It’s a different beast, as I’ve said, from even the first ‘Cabinet record, and this is further emphasized in whatever format you purchase it in–I bought the digital release January 15th, and then eagerly snapped up the vinyl when I last saw Coheed a few weeks ago. Both versions contain digital bonus tracks–“Sleep Paralysis”, “14 Years-Master”, “Buried or Burned”, and “First Dive” digitally; “Cheshire Cat Moon”, “Letters to Self” and “Weight of Dreams” are included on the vinyl download card–and they aren’t roughs, demos, or songs that deserved to be omitted. The album is a lean and mean 42 minutes as is, and I think it does well at that length, but losing “Sleep Paralysis”, “Buried or Burned”, the stomping “First Dive”, the driving acoustics of “Cheshire Cat Moon”, the somewhat 80s inflections of “Letters to Self” and the gentle throb of “Weight of Dreams” would be a shame.

    Go and sample some of the record, maybe Our Machine’s video, or the quiet performance of Travis and Tyler alone at “Deterioration Road”, that shows off their voices and harmonies.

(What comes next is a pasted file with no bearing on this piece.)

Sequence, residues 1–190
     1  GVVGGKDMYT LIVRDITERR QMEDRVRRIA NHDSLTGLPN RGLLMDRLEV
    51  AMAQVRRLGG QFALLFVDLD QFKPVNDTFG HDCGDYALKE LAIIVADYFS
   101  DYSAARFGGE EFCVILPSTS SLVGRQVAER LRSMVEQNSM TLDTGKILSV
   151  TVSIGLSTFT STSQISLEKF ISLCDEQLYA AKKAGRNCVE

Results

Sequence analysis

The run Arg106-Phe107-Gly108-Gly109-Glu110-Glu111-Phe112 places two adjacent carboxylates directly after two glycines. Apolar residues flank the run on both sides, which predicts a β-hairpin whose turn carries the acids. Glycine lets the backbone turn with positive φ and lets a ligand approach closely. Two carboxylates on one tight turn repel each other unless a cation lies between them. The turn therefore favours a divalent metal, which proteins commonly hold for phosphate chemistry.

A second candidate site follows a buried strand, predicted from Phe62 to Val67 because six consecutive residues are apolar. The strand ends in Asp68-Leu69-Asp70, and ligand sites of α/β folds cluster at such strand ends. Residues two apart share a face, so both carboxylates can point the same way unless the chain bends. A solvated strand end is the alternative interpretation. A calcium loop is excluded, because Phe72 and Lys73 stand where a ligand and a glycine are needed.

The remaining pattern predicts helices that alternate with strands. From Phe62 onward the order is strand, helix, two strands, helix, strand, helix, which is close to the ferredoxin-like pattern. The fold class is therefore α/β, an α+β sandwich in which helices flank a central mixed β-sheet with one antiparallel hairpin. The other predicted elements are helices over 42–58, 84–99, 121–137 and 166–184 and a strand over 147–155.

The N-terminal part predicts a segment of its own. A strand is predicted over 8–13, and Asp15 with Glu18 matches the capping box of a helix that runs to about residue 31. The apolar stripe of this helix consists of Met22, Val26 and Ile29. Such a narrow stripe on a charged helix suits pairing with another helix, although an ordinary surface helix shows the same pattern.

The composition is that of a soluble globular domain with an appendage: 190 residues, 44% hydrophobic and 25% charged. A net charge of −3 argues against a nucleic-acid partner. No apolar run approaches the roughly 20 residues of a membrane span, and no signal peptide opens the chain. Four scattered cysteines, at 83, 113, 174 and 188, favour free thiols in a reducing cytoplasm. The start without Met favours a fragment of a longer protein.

¹I’m notoriously terrible at hearing lyrics correctly, which often informs my greater emphasis on appeal in their rhythm, sound, and construction, which I know at least a few writers actually start from anyway (“Scrambled Eggs”, anyone?). It’s entirely possible, as a result, that I have that first phrase entirely wrong or partially wrong. I’ll blame it, at least somewhat, on Shiner’s album Starless, which I acquired only recently. But I hate anyone confidently asserting or spreading incorrect lyrics, so here’s my caveat. Still, they rhythm as well as the fact of the questioning nature of the lyric (I know I have the last part right, though it changes a bit each time–eg, “this fortress”) feels important.